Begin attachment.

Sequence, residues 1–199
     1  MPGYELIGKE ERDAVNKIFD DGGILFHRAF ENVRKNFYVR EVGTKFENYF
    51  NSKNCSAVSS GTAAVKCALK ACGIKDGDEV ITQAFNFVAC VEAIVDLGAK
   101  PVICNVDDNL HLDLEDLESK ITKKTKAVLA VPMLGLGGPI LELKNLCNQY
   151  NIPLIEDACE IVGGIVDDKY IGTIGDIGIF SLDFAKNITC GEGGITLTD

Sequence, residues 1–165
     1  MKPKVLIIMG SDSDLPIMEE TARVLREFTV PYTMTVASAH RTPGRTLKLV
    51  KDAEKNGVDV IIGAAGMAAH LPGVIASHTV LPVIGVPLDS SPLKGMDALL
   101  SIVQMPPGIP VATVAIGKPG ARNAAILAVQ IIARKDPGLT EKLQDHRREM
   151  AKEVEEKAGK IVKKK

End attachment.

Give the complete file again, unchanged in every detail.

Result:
Sequence, residues 1–199
     1  MPGYELIGKE ERDAVNKIFD DGGILFHRAF ENVRKNFYVR EVGTKFENYF
    51  NSKNCSAVSS GTAAVKCALK ACGIKDGDEV ITQAFNFVAC VEAIVDLGAK
   101  PVICNVDDNL HLDLEDLESK ITKKTKAVLA VPMLGLGGPI LELKNLCNQY
   151  NIPLIEDACE IVGGIVDDKY IGTIGDIGIF SLDFAKNITC GEGGITLTD

Sequence, residues 1–165
     1  MKPKVLIIMG SDSDLPIMEE TARVLREFTV PYTMTVASAH RTPGRTLKLV
    51  KDAEKNGVDV IIGAAGMAAH LPGVIASHTV LPVIGVPLDS SPLKGMDALL
   101  SIVQMPPGIP VATVAIGKPG ARNAAILAVQ IIARKDPGLT EKLQDHRREM
   151  AKEVEEKAGK IVKKK